Software Craftsmanship And Unit Testing
Sunday, 20th November 2011
I am reading Pete McBreen's Software Craftsmanship, a book with excellent insight into how the software development community needs to operate to transform itself into a true profession that delivers applications that users value.
There is a great deal of profound truth in this book, but what strikes me about the idea of Software Craftsmanship is an idea that is echoed in Robert Martin's Clean Coder: if we want to be taken seriously as software developers, we need to behave professionally.
Part of this is easy. We need to be trustworthy and we need to write quality code. Some parts are less easy. We need to be honest with our estimates, we need to give bad news as early as possible rather than hoping for a stroke of luck and we need to accept that some practices are fundamental to software developers being taken seriously as professionals.
One of the things we need to accept as part of this professional attitude towards software development is unit testing. Test-driven development isn't just about having repeatable checks you can run to verify the behaviour of your software, it is also a driver towards writing better, more cohesive units of code. On top of this, it also acts as documentation on what your software does and how it should be used.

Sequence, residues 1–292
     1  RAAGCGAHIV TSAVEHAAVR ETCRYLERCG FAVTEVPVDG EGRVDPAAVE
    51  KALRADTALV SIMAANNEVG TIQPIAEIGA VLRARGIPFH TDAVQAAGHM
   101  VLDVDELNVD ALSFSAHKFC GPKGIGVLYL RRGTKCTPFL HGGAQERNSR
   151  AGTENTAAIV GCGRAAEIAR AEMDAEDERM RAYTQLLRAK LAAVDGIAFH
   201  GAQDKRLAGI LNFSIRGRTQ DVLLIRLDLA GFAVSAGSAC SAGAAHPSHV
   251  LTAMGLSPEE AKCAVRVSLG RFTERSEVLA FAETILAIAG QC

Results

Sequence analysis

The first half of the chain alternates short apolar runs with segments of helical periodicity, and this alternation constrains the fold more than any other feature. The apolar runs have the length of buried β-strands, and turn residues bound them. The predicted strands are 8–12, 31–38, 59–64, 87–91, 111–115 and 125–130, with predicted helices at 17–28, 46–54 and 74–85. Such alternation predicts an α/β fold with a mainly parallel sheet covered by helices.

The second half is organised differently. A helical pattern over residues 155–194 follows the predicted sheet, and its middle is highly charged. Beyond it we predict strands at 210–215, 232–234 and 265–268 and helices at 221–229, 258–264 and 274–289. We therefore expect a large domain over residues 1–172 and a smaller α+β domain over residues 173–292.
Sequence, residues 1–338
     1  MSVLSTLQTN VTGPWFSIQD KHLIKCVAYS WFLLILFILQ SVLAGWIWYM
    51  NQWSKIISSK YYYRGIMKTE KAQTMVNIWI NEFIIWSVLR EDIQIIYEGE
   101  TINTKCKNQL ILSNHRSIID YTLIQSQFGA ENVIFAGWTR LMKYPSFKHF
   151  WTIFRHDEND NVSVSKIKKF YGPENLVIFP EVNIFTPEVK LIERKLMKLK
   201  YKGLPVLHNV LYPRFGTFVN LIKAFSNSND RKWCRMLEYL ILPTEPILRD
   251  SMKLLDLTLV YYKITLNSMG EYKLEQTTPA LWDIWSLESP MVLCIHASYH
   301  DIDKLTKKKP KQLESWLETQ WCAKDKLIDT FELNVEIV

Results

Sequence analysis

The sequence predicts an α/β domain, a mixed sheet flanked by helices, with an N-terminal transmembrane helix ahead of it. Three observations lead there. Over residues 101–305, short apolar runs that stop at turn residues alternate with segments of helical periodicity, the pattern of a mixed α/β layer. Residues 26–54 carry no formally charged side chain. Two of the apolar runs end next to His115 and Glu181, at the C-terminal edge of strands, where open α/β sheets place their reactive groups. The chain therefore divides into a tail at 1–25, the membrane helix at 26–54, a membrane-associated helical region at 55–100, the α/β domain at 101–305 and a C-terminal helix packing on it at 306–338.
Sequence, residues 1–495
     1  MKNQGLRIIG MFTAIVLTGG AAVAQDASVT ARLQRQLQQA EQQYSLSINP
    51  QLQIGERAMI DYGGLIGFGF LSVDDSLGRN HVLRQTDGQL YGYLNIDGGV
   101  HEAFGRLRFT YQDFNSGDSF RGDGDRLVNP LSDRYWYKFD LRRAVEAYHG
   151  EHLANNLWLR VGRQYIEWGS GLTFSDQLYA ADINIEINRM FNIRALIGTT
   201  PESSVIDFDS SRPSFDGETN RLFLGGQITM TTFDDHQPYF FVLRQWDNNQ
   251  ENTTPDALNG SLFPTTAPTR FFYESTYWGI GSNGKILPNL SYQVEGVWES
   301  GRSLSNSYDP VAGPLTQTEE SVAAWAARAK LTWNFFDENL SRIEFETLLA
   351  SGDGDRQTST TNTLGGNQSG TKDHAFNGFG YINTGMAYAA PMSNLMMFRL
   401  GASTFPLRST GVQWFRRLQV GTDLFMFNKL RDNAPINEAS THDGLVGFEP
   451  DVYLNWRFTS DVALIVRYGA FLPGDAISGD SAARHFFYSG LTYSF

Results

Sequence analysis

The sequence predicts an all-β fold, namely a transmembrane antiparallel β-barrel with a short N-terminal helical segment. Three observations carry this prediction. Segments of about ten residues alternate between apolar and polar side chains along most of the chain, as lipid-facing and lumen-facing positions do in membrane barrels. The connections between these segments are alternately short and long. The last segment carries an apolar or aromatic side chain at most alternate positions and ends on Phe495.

If you consider unit tests to be a waste of time, consider this. If you wrote an application with absolutely no documentation, would that be a professional thing to do? Of course not - and I would rather write a good suite of unit tests than a verbose text document because of all the other benefits you get with it.
Some people believe themselves to be very gifted developers and think that they don't need to write tests. The sad thing is that although they may well be great developers, they are not professional developers because they aren't thinking of the other people who will be involved in maintaining the software. A professional developer understands that their co-workers will need to make changes to the software and that the tests will make this process easier.
If you truly want the status and respect of a professional, you must meet all of the expectations people have of a professional.